Being a teenager is a somewhat ridiculous situation. You have very little control over your life, but just enough awareness to know that you crave independence and responsibility. Your body is raging with hormones, and everything within and without you is changing constantly. And yet, in school, where teenagers spend most of their waking hours, there is very little space to identify, process, or manage these changes and emotions.

With a consistent focus on testing and achievement, schools schedule students for days full of academic work; hours of sitting still at a desk and an expectation that they can compartmentalize their feelings. When those emotions seep through in the form of outbursts, it is seen as misbehavior and is often punished.

Recently, the principal of the high school where I teach agreed to let me lead a “Career Readiness” class. As I started drafting its course map, I considered what skills were needed in the real world beyond résumé-building and interview mastery. I thought about a grit and growth mindset, empathy, happiness, and, of course, mindfulness. As my list grew, I noticed that one thread ran throughout: each skill—from how to ace an interview, to how to find long-term happiness—came back to mindfulness: the deliberate awareness of your own thoughts and emotions.

Each class, my students and I practiced mindfulness together. The first day, we sat for three minutes, focusing on our breath and noticing our thoughts. As students were leaving the classroom, one turned to his friend and said: “I’m not gonna lie, that shit felt great!” Some days were short; we’d only sit for a few minutes to catch our breath. Other days we went for longer stretches: ten, even fifteen minutes. One of the things I noticed early on was that my students had a very limited vocabulary to describe what they were feeling. They could talk about their lives eloquently—explain what had happened to them—but could not or would not put words to how their experiences made them feel. So we started small: students would label their emotions as positive, negative, or neutral. That seemed manageable, so we moved to the more abstract; we labeled our feelings in the moment as colors or weather patterns; rather than having to be frustrated or elated, they were light green, foggy, or stormy.

Metaphor allowed them to start thinking about the intricacies of emotion in a new way and eventually gave them the ability to recognize and give voice to specific emotions. Students were able to identify a knot in the chest as anxiety, or a subconsciously clenched fist as exasperation. One student recognized a pattern: on the days before basketball games, he was especially tense and on edge. Once he was able to name it, he noted that the tension started to fade. It became such a part of my students’ routine that they began to rely on it. A few weeks into the semester I was away at a conference, and returned the next day to students bubbling with a chorus of frustrations: “Yesterday was awful!” “We said what colors we were feeling, and we told the sub we had to meditate, and she wouldn’t let us!” “It ruined my whole day!” Setting aside the fact that rage is not the emotion I want my students to feel when they don’t get to meditate, I felt that we were off to a strong start.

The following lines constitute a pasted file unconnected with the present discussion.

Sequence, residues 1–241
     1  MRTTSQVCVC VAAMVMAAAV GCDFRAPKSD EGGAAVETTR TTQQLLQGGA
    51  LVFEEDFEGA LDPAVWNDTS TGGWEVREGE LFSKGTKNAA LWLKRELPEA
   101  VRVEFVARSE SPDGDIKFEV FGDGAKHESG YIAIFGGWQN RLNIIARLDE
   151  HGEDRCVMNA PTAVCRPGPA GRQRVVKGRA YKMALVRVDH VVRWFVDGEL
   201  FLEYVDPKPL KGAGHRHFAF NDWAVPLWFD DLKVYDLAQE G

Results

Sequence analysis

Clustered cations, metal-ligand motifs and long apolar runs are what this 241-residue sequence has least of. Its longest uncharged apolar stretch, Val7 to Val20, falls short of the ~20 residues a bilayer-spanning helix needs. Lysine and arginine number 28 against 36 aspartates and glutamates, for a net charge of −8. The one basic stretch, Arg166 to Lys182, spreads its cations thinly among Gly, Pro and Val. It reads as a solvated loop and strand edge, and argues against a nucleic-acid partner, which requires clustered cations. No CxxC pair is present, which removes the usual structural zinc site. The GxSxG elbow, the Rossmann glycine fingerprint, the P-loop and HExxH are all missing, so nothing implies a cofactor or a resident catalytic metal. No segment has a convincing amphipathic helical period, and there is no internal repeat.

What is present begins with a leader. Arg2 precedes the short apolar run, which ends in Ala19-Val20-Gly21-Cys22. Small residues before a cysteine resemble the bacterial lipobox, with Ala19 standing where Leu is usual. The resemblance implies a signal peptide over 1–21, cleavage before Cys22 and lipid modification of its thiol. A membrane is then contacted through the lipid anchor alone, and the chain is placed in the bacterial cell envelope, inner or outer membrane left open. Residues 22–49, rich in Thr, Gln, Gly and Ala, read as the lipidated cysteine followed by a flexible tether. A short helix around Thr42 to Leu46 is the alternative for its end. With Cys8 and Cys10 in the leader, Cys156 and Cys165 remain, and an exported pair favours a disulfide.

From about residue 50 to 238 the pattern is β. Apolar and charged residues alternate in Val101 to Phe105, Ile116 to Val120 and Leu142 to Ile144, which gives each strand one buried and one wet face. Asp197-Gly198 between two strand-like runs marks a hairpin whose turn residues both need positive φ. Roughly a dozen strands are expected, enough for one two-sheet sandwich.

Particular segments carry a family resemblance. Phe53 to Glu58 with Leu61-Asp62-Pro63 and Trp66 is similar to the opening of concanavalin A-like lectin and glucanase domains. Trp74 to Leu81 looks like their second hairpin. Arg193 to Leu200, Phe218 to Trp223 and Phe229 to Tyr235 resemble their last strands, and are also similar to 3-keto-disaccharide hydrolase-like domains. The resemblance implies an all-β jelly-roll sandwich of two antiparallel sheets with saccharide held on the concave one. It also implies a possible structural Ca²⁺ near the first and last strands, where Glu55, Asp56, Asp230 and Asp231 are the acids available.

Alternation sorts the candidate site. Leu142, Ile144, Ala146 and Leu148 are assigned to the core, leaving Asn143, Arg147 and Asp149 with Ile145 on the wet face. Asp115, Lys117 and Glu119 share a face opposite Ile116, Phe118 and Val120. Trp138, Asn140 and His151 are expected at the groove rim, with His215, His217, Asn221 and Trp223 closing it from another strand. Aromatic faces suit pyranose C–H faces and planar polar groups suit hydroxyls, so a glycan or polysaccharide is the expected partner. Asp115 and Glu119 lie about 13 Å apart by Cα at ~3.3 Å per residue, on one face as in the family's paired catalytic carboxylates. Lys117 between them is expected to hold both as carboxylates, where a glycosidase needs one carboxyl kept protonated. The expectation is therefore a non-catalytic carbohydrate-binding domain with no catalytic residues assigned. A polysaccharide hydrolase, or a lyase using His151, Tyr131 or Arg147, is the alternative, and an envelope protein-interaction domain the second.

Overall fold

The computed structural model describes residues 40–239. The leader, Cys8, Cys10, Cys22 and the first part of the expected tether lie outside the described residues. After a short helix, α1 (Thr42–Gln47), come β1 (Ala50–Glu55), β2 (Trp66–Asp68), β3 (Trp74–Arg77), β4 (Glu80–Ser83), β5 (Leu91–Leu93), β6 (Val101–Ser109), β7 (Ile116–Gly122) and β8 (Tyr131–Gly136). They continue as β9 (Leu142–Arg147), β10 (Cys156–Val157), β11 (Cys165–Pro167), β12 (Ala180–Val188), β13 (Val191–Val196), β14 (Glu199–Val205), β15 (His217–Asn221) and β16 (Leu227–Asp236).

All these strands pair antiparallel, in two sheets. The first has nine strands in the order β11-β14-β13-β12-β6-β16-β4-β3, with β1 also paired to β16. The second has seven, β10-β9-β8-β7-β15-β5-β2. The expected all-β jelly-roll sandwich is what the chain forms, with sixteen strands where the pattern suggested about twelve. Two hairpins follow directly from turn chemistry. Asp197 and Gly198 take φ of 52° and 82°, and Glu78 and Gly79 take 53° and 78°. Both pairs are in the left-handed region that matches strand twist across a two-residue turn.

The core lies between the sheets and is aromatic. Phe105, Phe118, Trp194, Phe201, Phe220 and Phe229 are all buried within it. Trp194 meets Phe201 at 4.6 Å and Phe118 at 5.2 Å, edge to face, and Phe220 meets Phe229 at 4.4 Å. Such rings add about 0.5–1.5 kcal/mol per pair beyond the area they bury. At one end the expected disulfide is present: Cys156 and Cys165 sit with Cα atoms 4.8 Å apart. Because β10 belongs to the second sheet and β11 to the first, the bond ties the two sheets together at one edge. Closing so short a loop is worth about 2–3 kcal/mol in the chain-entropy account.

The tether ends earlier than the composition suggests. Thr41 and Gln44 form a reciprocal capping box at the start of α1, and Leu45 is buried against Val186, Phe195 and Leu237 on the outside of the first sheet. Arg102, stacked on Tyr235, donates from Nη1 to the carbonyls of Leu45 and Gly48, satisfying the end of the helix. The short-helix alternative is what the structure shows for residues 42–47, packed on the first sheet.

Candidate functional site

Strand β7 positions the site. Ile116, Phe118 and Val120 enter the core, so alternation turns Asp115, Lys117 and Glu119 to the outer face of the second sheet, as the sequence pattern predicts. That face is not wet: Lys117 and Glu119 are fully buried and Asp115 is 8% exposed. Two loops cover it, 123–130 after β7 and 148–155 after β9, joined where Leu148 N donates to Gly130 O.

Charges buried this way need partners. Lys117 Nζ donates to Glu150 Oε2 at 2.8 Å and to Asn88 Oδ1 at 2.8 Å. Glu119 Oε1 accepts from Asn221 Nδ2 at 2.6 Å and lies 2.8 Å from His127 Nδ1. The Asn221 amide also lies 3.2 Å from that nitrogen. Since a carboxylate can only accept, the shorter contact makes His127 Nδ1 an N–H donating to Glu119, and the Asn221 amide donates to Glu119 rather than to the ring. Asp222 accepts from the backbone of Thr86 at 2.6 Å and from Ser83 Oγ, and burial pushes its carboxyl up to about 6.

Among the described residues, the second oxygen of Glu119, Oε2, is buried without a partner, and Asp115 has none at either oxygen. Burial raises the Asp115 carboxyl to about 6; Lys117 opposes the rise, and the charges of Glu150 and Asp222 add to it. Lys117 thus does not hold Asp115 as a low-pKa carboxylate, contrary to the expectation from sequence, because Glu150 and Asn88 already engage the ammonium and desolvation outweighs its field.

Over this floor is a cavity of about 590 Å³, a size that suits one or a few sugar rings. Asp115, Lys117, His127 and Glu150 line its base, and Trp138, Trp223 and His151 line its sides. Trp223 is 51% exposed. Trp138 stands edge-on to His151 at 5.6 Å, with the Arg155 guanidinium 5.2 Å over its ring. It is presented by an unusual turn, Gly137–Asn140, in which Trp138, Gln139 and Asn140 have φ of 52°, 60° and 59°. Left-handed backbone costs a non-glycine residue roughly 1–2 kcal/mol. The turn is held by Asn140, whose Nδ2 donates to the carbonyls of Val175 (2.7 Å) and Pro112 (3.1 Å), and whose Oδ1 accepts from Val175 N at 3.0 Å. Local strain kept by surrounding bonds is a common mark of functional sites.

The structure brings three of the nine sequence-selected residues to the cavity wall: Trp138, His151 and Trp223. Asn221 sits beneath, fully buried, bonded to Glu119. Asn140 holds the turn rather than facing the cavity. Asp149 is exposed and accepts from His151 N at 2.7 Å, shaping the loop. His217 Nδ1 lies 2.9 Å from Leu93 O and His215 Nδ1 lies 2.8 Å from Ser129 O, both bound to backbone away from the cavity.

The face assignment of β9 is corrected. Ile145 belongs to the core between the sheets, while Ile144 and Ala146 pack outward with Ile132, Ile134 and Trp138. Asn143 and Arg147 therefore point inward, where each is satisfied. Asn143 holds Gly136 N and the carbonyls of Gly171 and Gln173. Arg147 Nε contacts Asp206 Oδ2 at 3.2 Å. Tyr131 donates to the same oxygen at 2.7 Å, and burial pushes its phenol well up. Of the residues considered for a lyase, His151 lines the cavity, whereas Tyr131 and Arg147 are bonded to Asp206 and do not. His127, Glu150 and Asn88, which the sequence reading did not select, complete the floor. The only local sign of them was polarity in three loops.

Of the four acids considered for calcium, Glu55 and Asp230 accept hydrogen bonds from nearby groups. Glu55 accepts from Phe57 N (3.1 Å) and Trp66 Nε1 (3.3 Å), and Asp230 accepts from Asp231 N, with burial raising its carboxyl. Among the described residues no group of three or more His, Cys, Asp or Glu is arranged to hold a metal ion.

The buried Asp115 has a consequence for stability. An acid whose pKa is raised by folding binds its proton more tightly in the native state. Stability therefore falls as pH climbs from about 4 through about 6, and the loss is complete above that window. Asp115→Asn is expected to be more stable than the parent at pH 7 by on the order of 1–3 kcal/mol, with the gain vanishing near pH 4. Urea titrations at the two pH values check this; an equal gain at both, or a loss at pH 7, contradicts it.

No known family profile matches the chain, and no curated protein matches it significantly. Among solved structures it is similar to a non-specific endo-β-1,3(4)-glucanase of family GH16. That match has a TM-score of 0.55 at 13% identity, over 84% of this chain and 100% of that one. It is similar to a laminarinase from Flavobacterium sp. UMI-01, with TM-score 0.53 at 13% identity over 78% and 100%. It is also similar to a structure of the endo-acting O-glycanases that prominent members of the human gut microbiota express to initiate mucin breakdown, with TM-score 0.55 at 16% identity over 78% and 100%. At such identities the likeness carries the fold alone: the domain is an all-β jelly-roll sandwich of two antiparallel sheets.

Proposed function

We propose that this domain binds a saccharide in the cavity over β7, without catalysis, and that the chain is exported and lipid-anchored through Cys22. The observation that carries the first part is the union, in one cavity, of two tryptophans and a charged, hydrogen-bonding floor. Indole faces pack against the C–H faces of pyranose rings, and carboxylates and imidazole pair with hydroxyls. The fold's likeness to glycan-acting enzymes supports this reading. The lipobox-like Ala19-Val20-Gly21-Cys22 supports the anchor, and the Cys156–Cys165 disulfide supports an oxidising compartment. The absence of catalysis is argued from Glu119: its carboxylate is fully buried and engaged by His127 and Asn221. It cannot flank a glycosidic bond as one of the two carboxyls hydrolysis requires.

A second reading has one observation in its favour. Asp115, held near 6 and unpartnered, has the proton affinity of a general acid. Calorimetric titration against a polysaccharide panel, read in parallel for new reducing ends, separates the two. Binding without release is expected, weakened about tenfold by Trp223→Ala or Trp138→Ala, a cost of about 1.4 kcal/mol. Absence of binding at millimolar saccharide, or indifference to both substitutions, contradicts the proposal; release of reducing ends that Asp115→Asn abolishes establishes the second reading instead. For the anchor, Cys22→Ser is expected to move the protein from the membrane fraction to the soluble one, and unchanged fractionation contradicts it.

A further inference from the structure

Mindfulness has given each of my students an opportunity to study and value their own thoughts, emotions, and feelings. Those who may not routinely experience success in other, more academically focused classes have shown particularly wonderful growth. Their ability to speak with clarity about themselves grew, and with it a sense of self as valued members of our school community. I’ve known these students for three years; many of them I’ve taught for their entire high school career. After practicing mindfulness, they sit a little straighter, participate more readily in other components of class, and, over time, have been able to manage their inner selves in new and powerful ways. One student, a soccer player, said he felt like he could focus better during games. Another was able to calm herself after frustrating interactions with her sister. At the end of last semester, they all reported feeling that they had gained a tool to calm themselves. Each of them claimed that mindfulness made them feel calmer, more centered, and more able to do the work of the day.

There are changes happening all throughout education: a shift toward Common Core Standards, an emphasis on college-readiness, all of them, in theory, trying to enable students to better navigate the world. Mindfulness is the first addition to my curriculum that allowed my students to make a significant gain in their abilities to articulate themselves. It didn’t come from a Common Core aligned writing strategy, and its success can’t be measured on a Danielson rubric; it came from taking time—as little as three minutes a day—to sit, breathe, and be present.

The author of this post is an editorial contributor to Headspace. These are their views, experiences and results and theirs alone. This contributor was paid for their writing.